July 23 (Bloomberg) -- Goldman Sachs Group Inc. cut its price forecast for arabica coffee futures traded in New York, citing a surplus that will take stockpiles to a five-year high at the end of the 2013-14 season.
Arabica coffee will be at $1.30 a pound on the ICE Futures U.S. exchange in three, six and 12 months, the bank said in a report e-mailed today. That’s down from a previous forecast of $1.45 a pound. The beans fell 12 percent this year to $1.263 a pound by 4:26 a.m. in New York.
Global coffee production will exceed demand by 4.46 million bags in 2013-14, from a 10 million-bag surplus a year earlier, according to the U.S. Department of Agriculture. Inventories will reach a five-year high of 30.53 million bags, the USDA predicts. A bag of coffee weighs 132 pounds.
“The expected 2013-14 surplus that would bring stocks to their highest level in five years is leading us to lower once again our three- to 12-month forecasts,” Damien Courvalin, an analyst at the bank, wrote in the report. “Potential for prices to rebound from their current levels include weather risks in Brazil, the potential for further cuts to Central American production and short covering flows of near-record short net speculative positions.”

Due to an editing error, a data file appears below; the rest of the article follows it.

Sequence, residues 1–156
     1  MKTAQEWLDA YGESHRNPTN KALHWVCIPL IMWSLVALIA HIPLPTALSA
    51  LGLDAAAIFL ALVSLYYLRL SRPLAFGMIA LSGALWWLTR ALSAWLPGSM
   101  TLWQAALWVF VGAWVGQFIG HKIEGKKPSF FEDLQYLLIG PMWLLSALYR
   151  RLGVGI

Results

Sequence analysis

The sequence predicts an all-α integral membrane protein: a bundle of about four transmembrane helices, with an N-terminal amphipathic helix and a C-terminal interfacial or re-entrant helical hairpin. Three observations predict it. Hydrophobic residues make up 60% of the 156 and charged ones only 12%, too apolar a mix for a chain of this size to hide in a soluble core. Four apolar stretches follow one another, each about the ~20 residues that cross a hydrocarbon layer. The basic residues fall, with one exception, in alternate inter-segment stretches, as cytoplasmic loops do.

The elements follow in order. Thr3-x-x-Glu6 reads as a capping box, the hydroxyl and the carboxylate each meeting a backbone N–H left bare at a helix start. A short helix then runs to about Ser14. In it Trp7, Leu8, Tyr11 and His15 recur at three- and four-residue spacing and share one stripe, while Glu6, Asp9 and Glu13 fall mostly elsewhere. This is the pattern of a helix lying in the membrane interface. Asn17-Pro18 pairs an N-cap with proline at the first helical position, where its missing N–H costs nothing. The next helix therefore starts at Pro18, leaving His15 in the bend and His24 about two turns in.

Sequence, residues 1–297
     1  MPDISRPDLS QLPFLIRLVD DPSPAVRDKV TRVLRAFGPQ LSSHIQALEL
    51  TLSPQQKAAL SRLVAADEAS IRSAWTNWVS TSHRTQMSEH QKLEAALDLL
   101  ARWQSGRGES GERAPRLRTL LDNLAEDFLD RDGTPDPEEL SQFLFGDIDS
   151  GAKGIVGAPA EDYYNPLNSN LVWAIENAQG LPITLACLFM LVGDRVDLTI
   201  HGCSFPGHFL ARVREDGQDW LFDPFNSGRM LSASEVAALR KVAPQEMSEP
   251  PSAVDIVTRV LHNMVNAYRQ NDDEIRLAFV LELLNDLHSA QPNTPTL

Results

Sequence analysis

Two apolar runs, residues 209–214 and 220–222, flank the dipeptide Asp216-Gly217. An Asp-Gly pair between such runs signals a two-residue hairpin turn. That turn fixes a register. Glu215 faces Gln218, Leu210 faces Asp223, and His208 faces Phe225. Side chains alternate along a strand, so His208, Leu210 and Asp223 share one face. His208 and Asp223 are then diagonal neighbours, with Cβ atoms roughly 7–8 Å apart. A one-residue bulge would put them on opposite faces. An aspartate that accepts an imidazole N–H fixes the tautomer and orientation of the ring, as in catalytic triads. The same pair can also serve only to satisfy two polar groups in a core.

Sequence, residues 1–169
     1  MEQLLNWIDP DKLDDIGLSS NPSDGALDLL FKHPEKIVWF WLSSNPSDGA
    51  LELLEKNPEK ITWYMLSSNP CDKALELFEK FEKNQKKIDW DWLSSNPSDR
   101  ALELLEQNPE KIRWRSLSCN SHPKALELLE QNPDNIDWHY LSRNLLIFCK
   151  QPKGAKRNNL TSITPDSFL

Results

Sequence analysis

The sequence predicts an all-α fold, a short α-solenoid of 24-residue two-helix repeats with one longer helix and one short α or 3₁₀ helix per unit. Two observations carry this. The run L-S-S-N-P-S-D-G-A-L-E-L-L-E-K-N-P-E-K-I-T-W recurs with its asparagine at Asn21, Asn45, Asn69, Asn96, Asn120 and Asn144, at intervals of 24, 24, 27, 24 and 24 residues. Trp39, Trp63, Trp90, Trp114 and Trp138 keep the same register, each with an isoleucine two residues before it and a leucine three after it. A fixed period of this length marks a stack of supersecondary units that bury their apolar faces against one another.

Arabica coffee gained 2.8 percent last week as a forecast for a cold front that may bring freezing temperatures to some coffee areas in Brazil, the world’s top producer, resulted in speculators closing bets on lower prices. Some coffee growing areas may get freezing temperatures today and tomorrow, forecaster Somar Meteorologia said on July 18.
Large and small speculators excluding index funds reduced their net-short positions, or bets on lower prices, on arabica coffee to 28,452 contracts in the week ended July 16, data from the U.S. Commodity Futures Trading Commission compiled by Bloomberg showed. That’s down from a net-short position of 32,941 lots a week earlier.
Prices of raw sugar traded in New York will also be lower than previously forecast, the bank said, citing a record crop in Brazil’s center south, the main growing region of the world’s leading producer, and a “promising start” to the monsoon in second-ranking India.
Sugar will be at 16.50 cents a pound on ICE in three months, down from a previous forecast of 17.50 cents a pounds. Prices will gain to 17.50 cents a pound in six months and to 19 cents a pound in 12 months, the bank said, adding that it sees “downside” to its medium-term forecast. Raw sugar was down 16 percent this year to 16.39 cents a pound.
Potential support to prices could come either from rain in Brazil or weather and, or production disappointments in India later this year, according to the Goldman Sachs report.
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